Fighting corruption in Greece must be a priority

Flickr Karl-Ludwig Poggemann _Alexis Tsipras Greece 620

Prime Minister Alexis Tsipras in front of a poster that says HOPE IS COMING Dignity, Justice, Democracy

Greece now has a new government, its fourth in six years. One of the returning Prime Minister Alexis Tsipras’ priorities remains constant: to fight of corruption. Previous incarnations of this government had appointed a minister to strengthen this fight. This was definitely a good move but it did not deliver.

The previous minister of state in charge of fighting corruption had beefed up his small organisation with a general secretary and had concentrated in chasing the big offenders on the so-called  “Lagarde list” of high profile people. These were people who allegedly evaded paying tax. He also used his own lists prepared from his previous position as the official in charge of anti-money laundering.

There appears to be enough information to collect billions of euro owed to the state from thousands of citizens. Obviously, given the economic crisis and the scarcity of liquidity, the priority is to collect money from the tax evaders with an emphasis on the “big fish”.

For the moment there has been some success but nothing spectacular, particularly in the tax evasion cases, partly because the electronic collection tools are not yet good enough and the tax collection agency is ineffective.

What we need is a holistic strategic plan to fight corruption. This has been promised but has not been delivered.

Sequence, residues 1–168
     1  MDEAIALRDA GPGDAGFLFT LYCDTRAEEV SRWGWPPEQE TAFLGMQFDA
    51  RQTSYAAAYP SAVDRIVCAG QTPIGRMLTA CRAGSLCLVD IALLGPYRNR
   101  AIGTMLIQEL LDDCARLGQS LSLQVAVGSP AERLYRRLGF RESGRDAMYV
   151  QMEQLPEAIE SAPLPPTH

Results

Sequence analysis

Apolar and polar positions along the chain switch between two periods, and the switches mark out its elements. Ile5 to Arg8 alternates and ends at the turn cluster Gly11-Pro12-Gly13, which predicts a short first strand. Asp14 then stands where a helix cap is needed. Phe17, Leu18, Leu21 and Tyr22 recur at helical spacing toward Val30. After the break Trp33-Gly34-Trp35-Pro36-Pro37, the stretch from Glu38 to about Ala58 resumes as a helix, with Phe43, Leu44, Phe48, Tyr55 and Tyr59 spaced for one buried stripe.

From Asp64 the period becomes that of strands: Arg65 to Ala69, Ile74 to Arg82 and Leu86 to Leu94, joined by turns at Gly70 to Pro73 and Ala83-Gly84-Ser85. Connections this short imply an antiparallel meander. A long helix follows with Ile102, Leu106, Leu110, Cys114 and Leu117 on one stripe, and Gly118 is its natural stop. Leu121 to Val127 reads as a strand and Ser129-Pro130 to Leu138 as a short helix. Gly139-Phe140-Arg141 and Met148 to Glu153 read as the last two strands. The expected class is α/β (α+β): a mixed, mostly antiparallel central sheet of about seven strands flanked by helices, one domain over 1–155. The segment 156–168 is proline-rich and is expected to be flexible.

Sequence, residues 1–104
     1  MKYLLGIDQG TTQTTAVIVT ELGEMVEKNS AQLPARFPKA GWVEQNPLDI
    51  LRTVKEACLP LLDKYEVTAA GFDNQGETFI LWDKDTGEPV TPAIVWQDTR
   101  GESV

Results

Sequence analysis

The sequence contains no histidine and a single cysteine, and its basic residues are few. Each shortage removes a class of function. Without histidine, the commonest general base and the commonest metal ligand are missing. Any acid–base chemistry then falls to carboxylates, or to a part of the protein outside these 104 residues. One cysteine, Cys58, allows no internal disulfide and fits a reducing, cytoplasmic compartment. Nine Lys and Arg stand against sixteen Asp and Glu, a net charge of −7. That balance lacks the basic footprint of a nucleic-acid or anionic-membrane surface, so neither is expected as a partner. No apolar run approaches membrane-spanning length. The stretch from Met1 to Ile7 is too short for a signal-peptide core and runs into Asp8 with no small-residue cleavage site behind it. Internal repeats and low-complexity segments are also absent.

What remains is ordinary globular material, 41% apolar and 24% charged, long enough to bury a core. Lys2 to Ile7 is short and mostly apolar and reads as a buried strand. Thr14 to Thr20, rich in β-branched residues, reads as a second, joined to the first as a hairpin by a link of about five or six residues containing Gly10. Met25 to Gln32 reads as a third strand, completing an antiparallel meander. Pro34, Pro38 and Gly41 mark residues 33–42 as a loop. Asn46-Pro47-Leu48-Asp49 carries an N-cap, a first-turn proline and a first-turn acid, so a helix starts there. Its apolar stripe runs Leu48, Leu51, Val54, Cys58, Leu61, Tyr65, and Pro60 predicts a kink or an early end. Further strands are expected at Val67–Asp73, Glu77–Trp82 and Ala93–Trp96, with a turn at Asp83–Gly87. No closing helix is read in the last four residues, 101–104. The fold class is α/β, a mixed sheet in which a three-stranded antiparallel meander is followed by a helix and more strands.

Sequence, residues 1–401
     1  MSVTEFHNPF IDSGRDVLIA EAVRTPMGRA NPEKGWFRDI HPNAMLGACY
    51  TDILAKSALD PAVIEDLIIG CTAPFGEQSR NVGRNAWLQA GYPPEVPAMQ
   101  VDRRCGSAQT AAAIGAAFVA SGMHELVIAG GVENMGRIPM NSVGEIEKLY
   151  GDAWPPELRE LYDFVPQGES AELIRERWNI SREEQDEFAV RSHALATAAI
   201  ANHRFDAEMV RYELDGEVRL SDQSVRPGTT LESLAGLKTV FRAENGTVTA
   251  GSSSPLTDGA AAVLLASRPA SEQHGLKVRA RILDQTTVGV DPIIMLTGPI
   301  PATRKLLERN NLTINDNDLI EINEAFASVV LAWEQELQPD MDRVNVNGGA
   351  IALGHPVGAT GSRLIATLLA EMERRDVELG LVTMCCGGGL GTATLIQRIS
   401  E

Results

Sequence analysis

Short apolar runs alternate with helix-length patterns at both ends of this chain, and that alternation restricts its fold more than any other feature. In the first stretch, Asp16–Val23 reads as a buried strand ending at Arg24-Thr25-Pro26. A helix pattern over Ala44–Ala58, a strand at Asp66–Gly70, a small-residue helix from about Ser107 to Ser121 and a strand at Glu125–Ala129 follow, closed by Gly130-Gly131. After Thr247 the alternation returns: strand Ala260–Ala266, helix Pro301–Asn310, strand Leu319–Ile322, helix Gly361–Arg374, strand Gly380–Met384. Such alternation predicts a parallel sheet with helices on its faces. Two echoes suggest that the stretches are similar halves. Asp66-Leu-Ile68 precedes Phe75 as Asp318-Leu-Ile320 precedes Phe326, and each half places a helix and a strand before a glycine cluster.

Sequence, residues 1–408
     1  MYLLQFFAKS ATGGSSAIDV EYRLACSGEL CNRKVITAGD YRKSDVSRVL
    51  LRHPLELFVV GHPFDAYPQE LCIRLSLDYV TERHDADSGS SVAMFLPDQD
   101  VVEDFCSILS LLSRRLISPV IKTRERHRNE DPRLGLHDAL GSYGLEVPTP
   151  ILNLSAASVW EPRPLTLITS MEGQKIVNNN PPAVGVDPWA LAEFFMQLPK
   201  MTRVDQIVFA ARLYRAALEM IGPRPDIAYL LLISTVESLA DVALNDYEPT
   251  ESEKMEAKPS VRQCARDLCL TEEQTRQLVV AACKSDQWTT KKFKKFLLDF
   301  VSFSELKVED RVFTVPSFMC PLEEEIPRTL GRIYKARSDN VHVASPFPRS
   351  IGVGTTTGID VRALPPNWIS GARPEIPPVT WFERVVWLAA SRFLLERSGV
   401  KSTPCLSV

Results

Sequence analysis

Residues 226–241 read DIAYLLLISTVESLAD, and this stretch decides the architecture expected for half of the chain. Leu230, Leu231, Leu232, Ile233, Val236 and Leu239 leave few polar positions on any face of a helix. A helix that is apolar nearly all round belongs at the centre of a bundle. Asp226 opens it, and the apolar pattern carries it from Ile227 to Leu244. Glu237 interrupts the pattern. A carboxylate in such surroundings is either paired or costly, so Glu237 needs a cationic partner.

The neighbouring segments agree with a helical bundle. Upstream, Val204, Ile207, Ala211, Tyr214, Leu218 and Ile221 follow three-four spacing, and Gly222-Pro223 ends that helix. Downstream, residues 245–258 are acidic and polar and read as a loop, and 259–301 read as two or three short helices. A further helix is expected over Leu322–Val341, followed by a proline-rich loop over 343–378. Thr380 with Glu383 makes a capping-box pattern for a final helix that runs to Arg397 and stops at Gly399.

However, I must add that the newly formed government did not reappointed the previous minister responsible to fight corruption but chose a new one. The concern is that this is a new deputy minister and he will no longer be reporting to the prime minister but to the minister of justice.

Despite this unwelcome organisational change, we hope that the new government will accelerate the enforcement of anti-corruption laws.

This will mean re-examining old scandals of bribery of government officials, investigating cases of corruption in the health sector as well as in other democratic institutions.

What are missing are initiatives that will move Greece towards a culture where ethical values are the norm. The previous government had been moving in the wrong direction.

It gave incentives to those who have sent their money abroad and re-employed public servants who have been indicted. It did not confront the conflict of interest issues of ministers and it allowed draft dodgers to keep responsible positions. It also hired friends of friends and relatives for government posts with no respect to meritocracy and justice to all citizens.

Most of those practices were prevalent with previous governments in various degrees and all gave signals to the citizens that being a bad tax payer or working around the rules are good choices because nothing will happen.

The promise of the previous government to change these corrupt practices has not been kept. We hope the new team will change course. It’s time for a change. Transparency International Greece will continue to keep up the pressure.


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